This idea of projecting future outcomes is of great importance in analyses relating to hockey and indeed a great number of fields. In its present condition, 5v5 xGF% is not a better predictor of future 5v5 GF% than CF% at the player level. Regular skaters’ 5v5 xGF% in one >400 TOI season did not yield a higher correlation with the next season’s 5v5 GF% than the same test performed with CF%.12R^2 = 0.103 for CF% compared to 0.081 for xGF%. The same variance observed in early shot quality analyses prevents on-ice xG from predicting real goals, or itself for that matter, in any practical way. Though descriptive of shot quality, the xG model has not yet shown to be appreciably predictive of future shot quality or goals at the on-ice level.13It’s important to note I’m referring to my own xG model. DTMAboutHeart has shown that his own model does have predictive value.

xG does, however, have predictive value at the individual skater level. 5v5 ixG60 is a better predictor of future 5v5 G60 than G60 itself (0.152 for forwards and 0.128 for defence vs. 0.140 and 0.076 respectively).

Why Should I Care?


I believe this is an important question because unless I can provide a satisfactory answer, I’ve wasted your valuable time. I think there’s ample evidence the model does a decent to good job of assessing shot quality given the information available for public consumption. There’s descriptive value here that does not deserve to be ignored, in addition to proven applications at the individual level. Potential uses in team and goaltender evaluation have not yet been discussed. Limitations of the current model have been identified and may point to improvements in successive iterations. One such limitation is the diminished sample resulting from unavailable coordinates for blocked shots. Variance is another issue that can potentially be addressed through regression. It is worth consideration that failure to find reproducibility in on-ice shot quality is not in and of itself a failure. Though disappointing, it is in fact in line with findings such as Tulsky’s discussed above that have long held up to scrutiny. It may serve as consolation, however, to develop practical uses of such a model beyond individual goal scoring.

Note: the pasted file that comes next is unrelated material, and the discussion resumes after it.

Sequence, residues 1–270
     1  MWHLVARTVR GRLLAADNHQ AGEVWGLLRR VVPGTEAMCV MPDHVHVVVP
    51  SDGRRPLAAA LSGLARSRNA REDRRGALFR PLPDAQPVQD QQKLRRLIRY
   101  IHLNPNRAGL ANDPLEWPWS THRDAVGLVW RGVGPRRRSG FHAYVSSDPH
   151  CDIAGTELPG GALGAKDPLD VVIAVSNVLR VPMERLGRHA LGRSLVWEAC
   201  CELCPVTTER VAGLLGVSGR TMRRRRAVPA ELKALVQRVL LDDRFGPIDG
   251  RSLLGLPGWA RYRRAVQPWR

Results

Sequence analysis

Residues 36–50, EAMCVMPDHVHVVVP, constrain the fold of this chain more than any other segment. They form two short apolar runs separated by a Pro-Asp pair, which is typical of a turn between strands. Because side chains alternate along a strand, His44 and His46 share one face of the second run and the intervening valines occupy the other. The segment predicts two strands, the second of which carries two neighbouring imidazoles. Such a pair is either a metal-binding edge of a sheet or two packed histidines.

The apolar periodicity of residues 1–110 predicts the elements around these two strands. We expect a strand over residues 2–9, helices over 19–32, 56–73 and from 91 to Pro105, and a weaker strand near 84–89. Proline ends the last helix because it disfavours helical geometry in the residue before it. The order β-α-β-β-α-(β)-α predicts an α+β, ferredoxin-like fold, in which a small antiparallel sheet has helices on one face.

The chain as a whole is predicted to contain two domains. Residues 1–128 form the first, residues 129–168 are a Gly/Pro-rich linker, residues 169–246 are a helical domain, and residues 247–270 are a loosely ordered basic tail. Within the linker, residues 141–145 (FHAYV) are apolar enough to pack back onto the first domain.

In the next instalment, I will propose improvements to the model and discuss practical applications of xG in analysis.

 

 

References   [ + ]

1. Let’s get this out of the way early. “Better” in this article will refer to a greater probability of becoming a goal.